Just goes to show how small the world’s gotten: even kids from the reportedly music-starved oasis of Salt Lake City love Fugazi. “No School,” if you can overlook the whacka-chicka effect on the guitars, could be right off Red Medicine—except that, like the rest of the songs on the album, it sounds as if it’s been filtered through the heads of a bunch of guys from the sticks. I can pick out countryish traces of The Grifters on here right alongside the more urban sounds of Jane’s Addiction (you don’t get more urban than L.A.; “One Three Five” sounds a bit much like “Coming Down The Mountain,” to me, but hey, I always liked that song anyway). And going from the country to the city is what this album’s all about, unless I miss my guess; on the one hand, you’ve got off-kilter start-stop guitars, but then on the other there’s a rough, backwoodsy edge to things.
“No Cop No Stop” is pretty good evidence of the combination—sure, they’ve got the Minutemen thing going, guitar-wise, but just the title of the song says country backroads, at least to me. I mean, c’mon, how many people who spend their lives in the city know that phrase? Beyond that, a number of the songs mention driving in a car, the ragged “Country” going so far as to come out and declare that the plan is to “ride around the country / see some history.” The album feels like a journey that almost mirrors the band’s life so far—from the wide-open space of Salt Lake City to the cramped, nonstop claustrophobia of New York City.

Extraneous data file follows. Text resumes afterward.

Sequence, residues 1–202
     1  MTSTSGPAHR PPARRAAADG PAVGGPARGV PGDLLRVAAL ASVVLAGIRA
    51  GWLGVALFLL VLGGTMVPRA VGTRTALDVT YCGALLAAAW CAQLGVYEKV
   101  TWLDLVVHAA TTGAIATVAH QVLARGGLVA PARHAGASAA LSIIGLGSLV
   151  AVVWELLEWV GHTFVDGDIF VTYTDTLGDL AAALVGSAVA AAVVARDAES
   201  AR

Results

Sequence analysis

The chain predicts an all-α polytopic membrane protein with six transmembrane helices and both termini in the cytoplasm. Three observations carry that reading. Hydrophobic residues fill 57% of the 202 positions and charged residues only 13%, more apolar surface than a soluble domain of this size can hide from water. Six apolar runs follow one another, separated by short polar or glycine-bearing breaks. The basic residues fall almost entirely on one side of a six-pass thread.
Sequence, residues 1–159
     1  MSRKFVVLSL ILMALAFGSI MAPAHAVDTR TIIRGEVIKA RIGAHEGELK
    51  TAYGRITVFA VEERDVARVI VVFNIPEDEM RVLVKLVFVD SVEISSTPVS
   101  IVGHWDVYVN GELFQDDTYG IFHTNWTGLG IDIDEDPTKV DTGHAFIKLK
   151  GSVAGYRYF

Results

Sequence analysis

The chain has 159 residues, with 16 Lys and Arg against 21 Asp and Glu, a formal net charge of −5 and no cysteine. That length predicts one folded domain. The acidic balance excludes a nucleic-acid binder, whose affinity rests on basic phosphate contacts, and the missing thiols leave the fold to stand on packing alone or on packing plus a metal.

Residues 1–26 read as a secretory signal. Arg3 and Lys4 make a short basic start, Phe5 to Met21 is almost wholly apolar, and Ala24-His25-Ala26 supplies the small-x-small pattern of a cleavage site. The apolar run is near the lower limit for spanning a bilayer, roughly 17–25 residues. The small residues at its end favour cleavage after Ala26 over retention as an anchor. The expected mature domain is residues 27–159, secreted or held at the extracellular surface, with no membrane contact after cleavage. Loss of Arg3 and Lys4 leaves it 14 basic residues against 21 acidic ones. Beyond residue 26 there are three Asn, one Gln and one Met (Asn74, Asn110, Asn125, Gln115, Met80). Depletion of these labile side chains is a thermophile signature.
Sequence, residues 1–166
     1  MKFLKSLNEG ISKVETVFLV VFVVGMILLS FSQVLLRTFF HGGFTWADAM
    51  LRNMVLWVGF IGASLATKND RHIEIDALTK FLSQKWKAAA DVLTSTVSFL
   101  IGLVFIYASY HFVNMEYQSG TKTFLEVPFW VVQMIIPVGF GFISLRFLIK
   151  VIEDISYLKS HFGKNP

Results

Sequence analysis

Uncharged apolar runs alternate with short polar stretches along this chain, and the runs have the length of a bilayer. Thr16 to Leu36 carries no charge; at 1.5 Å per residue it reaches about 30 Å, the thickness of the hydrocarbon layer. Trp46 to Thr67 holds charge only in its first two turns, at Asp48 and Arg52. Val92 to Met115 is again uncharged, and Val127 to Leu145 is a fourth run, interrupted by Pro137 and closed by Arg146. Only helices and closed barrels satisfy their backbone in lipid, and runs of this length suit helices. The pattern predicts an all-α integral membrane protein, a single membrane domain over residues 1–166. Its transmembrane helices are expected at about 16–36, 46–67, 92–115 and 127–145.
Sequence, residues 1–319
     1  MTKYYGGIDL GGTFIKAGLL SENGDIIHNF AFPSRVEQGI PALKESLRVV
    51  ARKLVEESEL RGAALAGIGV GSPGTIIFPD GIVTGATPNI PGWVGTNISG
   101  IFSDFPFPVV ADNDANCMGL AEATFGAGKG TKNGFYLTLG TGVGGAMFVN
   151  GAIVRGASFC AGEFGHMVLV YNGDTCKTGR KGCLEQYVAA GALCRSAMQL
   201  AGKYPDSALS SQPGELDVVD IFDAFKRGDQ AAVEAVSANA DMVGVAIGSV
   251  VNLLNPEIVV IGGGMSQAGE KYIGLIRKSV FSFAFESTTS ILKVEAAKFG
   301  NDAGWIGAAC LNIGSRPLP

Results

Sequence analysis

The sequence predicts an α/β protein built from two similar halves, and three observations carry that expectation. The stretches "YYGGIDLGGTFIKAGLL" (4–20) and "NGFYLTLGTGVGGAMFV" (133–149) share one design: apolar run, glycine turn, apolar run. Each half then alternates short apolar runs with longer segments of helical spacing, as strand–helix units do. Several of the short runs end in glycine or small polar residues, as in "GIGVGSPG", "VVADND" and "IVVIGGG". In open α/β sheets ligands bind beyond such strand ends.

“West Side Hwy” has to be the high point on here, a quiet, haunting song that would probably work great as a soundtrack for driving some dark night when you don’t want to feel any better. A subtle slide-guitar complements singer Spanky Van Dyke’s (his nickname, not mine) echoey voice nicely, both of them sounding together like wheels drifting across the pavement under the stars. “Nightlife” is the flipside of the equation, a jerky car chase through seedy city streets at 5 a.m., past broken glass and long-gone friends with sampled city sounds as accompaniment. Further on, “R Is For Rocket” hits almost the same melancholy note as “West Side Hwy,” but is definitely a ‘city’ song, all musings on modern society and satellite technology. So which wins, the countryside or the urban landscape? They’re two sides of the same coin, I suppose, and if there’s a point to this at all, maybe it’s that neither place is necessarily better than the other.